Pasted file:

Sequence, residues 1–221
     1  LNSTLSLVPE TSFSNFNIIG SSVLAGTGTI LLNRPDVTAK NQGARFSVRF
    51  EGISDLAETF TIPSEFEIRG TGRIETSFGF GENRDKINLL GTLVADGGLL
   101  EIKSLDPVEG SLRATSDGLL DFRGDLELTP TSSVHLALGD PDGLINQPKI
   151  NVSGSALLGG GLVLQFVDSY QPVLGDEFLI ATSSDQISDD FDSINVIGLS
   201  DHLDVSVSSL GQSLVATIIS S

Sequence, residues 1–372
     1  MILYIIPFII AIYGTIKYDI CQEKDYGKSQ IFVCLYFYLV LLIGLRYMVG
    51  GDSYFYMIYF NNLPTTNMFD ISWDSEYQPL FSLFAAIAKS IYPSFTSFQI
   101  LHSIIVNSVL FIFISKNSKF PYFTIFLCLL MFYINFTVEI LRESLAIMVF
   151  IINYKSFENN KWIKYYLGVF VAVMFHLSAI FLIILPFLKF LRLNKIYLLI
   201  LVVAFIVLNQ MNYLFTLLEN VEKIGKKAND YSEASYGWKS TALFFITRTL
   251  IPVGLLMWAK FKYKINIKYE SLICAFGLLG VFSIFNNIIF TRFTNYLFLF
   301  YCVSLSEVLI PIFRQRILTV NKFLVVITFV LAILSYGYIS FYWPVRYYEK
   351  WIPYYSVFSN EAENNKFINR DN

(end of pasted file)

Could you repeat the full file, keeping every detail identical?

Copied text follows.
Sequence, residues 1–221
     1  LNSTLSLVPE TSFSNFNIIG SSVLAGTGTI LLNRPDVTAK NQGARFSVRF
    51  EGISDLAETF TIPSEFEIRG TGRIETSFGF GENRDKINLL GTLVADGGLL
   101  EIKSLDPVEG SLRATSDGLL DFRGDLELTP TSSVHLALGD PDGLINQPKI
   151  NVSGSALLGG GLVLQFVDSY QPVLGDEFLI ATSSDQISDD FDSINVIGLS
   201  DHLDVSVSSL GQSLVATIIS S

Sequence, residues 1–372
     1  MILYIIPFII AIYGTIKYDI CQEKDYGKSQ IFVCLYFYLV LLIGLRYMVG
    51  GDSYFYMIYF NNLPTTNMFD ISWDSEYQPL FSLFAAIAKS IYPSFTSFQI
   101  LHSIIVNSVL FIFISKNSKF PYFTIFLCLL MFYINFTVEI LRESLAIMVF
   151  IINYKSFENN KWIKYYLGVF VAVMFHLSAI FLIILPFLKF LRLNKIYLLI
   201  LVVAFIVLNQ MNYLFTLLEN VEKIGKKAND YSEASYGWKS TALFFITRTL
   251  IPVGLLMWAK FKYKINIKYE SLICAFGLLG VFSIFNNIIF TRFTNYLFLF
   301  YCVSLSEVLI PIFRQRILTV NKFLVVITFV LAILSYGYIS FYWPVRYYEK
   351  WIPYYSVFSN EAENNKFINR DN